Study finds gene regulation linked to energy production
Mitochondria are energy-producing machines that are found in all human cells. Mitochondria contain a small set of genes that must work properly to make the energy our bodies require for health. Defects in mitochondrial function caused by mutations in genes that make mitochondria cause debilitating diseases for which there are no cures and treatments are difficult and limited. Some of these diseases are very difficult to diagnose and provide any treatment besides palliative care.
Mitochondrial diseases affect children as well as adults and they are diseases that affect three or more organ systems and lead progressive deterioration. Often mitochondrial diseases can cause isolated symptoms that may include unexplained seizures, low blood counts, abnormal muscle tone or spasms, blindness, deafness, dementia, ataxia (stumbling or tremors), heart failure, or progressive muscle weakness. Very often several organ systems can be affected in sequence, one affecting another and causing them to further deteriorate.
There are over 50 inherited diseases that involve mitochondrial dysfunction. It is found that more than 1 in 4,000 children born each year will develop a mitochondrial disease by the age of 10. Mitochondrial diseases are devastating just like childhood cancer and both have a range in mortality from 10 to 50% per year, depending on the specific disease. The mitochondrial disease Leigh’s syndrome is one of the more lethal mitochondrial diseases with a mortality of about 50% per year after diagnosis.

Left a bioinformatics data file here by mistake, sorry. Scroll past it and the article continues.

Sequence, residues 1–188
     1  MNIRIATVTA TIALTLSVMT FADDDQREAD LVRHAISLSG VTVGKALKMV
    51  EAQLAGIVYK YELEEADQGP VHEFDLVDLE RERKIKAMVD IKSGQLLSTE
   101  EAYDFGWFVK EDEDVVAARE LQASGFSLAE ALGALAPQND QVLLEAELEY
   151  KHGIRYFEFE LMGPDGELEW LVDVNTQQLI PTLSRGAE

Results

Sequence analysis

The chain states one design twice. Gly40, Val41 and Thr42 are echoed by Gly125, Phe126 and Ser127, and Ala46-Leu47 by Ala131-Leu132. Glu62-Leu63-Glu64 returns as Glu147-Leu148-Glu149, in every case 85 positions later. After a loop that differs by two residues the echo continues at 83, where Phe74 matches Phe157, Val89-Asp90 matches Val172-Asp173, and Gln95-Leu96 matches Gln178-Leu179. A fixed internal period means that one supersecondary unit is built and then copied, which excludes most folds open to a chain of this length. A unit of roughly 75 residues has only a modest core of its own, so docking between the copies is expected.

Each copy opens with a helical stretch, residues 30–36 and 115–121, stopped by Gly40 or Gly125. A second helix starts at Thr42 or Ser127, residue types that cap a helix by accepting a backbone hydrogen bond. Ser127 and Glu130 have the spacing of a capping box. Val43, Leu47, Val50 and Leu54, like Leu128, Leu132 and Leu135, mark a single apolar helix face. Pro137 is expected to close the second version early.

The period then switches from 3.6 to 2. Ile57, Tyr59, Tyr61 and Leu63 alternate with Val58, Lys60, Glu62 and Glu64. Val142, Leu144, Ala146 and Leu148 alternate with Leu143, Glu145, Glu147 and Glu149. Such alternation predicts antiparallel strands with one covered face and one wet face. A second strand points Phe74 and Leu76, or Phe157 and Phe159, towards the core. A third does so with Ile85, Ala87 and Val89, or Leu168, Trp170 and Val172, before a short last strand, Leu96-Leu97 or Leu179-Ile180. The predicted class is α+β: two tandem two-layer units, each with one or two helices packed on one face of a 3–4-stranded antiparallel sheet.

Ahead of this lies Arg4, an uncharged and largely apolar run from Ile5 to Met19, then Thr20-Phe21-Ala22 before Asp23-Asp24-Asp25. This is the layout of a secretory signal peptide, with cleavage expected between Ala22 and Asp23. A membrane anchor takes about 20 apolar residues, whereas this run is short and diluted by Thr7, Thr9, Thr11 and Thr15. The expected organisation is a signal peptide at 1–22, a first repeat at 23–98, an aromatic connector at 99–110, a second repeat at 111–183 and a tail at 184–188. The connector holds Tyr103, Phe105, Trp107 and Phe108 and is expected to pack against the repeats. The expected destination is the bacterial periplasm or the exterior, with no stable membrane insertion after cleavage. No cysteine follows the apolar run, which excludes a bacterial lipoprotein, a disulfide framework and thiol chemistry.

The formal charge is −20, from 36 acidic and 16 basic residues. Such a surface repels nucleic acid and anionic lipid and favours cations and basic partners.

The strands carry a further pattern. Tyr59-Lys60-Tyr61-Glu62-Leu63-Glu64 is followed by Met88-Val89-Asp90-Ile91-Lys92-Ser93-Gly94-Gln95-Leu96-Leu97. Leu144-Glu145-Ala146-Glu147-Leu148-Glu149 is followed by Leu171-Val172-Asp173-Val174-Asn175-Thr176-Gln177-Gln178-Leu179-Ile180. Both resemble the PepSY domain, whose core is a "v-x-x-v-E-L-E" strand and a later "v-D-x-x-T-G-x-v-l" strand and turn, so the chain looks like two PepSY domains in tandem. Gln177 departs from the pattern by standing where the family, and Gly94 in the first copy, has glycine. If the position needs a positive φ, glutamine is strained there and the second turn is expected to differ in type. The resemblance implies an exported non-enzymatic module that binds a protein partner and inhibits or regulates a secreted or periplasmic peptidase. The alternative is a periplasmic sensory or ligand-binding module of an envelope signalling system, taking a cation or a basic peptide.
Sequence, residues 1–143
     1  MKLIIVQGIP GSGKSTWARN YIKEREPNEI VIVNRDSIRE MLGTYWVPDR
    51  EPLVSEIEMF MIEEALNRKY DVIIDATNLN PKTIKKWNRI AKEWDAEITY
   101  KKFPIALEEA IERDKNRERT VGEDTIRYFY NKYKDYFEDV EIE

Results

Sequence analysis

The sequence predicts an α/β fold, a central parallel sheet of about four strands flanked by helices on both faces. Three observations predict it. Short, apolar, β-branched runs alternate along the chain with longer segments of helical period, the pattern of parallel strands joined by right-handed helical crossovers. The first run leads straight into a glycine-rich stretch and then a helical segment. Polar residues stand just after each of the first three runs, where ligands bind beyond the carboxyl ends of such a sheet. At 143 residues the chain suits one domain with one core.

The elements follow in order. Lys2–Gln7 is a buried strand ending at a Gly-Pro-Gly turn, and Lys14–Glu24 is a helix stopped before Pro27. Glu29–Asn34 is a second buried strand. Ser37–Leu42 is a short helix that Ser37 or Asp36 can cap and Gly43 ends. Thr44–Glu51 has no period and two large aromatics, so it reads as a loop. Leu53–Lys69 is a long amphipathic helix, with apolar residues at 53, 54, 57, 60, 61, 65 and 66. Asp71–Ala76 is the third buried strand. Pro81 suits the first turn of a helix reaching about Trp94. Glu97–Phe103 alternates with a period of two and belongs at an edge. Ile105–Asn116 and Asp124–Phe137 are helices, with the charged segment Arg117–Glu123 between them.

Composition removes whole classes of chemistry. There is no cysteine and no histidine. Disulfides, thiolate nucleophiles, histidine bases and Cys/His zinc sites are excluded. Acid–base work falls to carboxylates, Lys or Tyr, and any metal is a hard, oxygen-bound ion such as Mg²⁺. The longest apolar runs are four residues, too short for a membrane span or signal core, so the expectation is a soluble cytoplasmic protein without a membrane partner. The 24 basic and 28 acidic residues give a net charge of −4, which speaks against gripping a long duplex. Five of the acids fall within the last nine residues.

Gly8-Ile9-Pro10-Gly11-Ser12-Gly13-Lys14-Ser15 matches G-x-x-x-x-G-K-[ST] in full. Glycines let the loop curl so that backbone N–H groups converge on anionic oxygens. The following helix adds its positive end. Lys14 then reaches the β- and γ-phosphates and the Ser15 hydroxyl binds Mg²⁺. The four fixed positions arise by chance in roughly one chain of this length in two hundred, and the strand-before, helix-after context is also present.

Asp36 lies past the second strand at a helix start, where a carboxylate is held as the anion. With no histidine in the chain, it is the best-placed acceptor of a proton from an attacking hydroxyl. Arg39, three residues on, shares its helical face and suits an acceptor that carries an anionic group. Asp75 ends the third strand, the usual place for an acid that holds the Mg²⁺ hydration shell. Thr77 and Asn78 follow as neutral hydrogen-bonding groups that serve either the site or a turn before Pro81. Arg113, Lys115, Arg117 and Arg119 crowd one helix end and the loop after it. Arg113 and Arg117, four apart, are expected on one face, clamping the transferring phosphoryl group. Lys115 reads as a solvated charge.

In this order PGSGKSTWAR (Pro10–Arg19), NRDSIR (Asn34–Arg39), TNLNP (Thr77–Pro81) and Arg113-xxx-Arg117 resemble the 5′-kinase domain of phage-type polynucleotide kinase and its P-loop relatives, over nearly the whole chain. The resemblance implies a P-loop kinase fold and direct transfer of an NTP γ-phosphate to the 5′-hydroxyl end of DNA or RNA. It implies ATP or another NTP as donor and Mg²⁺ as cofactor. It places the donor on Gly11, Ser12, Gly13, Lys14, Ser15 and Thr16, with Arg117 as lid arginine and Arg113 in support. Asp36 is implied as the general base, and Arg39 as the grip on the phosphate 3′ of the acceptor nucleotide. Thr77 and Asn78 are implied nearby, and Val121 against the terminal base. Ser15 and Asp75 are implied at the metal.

Recent research has shown that mitochondrial DNA mutations are present in one in 250 people with at least one in 5,000 suffering severe disease. This means that out of 2,000 patients who are seen at a general practice, approximately 10 patients have a mutation that has the potential to cause mitochondrial disease or a disease that can involve mitochondrial dysfunction.
There are no definitive cures for mitochondrial diseases, but there are a number of treatment options that can sometimes help to reduce symptoms or slow the decline in health. There are major differences in mitochondrial disease symptoms and outcomes, and the treatments and vary greatly depending on the patient. The impact of treatments can differ too and there are no clear ways to accurately predict a patient’s response to treatment.
Treatments for mitochondrial disease may include
The Mitochondrial Medicine and Biology Laboratory at the Perkins investigates the molecular mechanisms that cause mitochondrial diseases. The team use cutting edge technologies to identify mutations that cause mitochondrial disease in patients and investigate how these mutations lead to these disorders to gain insight into potential drug targets. The group is particularly interested in the development of future treatments for mitochondrial diseases.
Recently, Perkins researcher Dr Tara Richman uncovered the role of a protein that helps mitochondria control energy production. If there was too much or too little of this protein, mitochondrial dysfunction could occur. Dr Richman also discovered links between a mitochondrial mutation and fatty liver disease.
The team are currently examining how gene expression is regulated within mitochondria to better understand links between transcription and translation in mammalian mitochondria